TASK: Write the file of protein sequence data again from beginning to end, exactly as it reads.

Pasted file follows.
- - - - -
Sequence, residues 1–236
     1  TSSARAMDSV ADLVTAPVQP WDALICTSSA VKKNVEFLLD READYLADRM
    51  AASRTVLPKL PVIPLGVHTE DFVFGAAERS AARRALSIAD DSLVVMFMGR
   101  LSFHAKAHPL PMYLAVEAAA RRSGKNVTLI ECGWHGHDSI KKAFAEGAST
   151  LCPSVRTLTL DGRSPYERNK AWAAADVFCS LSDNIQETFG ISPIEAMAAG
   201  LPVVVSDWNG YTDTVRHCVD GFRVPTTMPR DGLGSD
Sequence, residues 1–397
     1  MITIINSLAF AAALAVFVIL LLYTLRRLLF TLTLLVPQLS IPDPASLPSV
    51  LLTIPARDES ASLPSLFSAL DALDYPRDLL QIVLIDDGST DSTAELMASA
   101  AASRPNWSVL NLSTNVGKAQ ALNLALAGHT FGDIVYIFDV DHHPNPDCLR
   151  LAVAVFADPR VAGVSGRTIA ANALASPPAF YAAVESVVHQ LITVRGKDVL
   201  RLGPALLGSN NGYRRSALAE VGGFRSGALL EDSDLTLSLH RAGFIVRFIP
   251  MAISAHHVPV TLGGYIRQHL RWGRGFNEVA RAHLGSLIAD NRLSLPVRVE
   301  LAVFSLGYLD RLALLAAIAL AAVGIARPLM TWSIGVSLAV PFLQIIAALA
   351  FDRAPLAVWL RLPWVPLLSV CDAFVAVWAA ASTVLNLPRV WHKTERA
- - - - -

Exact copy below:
Sequence, residues 1–236
     1  TSSARAMDSV ADLVTAPVQP WDALICTSSA VKKNVEFLLD READYLADRM
    51  AASRTVLPKL PVIPLGVHTE DFVFGAAERS AARRALSIAD DSLVVMFMGR
   101  LSFHAKAHPL PMYLAVEAAA RRSGKNVTLI ECGWHGHDSI KKAFAEGAST
   151  LCPSVRTLTL DGRSPYERNK AWAAADVFCS LSDNIQETFG ISPIEAMAAG
   201  LPVVVSDWNG YTDTVRHCVD GFRVPTTMPR DGLGSD
Sequence, residues 1–397
     1  MITIINSLAF AAALAVFVIL LLYTLRRLLF TLTLLVPQLS IPDPASLPSV
    51  LLTIPARDES ASLPSLFSAL DALDYPRDLL QIVLIDDGST DSTAELMASA
   101  AASRPNWSVL NLSTNVGKAQ ALNLALAGHT FGDIVYIFDV DHHPNPDCLR
   151  LAVAVFADPR VAGVSGRTIA ANALASPPAF YAAVESVVHQ LITVRGKDVL
   201  RLGPALLGSN NGYRRSALAE VGGFRSGALL EDSDLTLSLH RAGFIVRFIP
   251  MAISAHHVPV TLGGYIRQHL RWGRGFNEVA RAHLGSLIAD NRLSLPVRVE
   301  LAVFSLGYLD RLALLAAIAL AAVGIARPLM TWSIGVSLAV PFLQIIAALA
   351  FDRAPLAVWL RLPWVPLLSV CDAFVAVWAA ASTVLNLPRV WHKTERA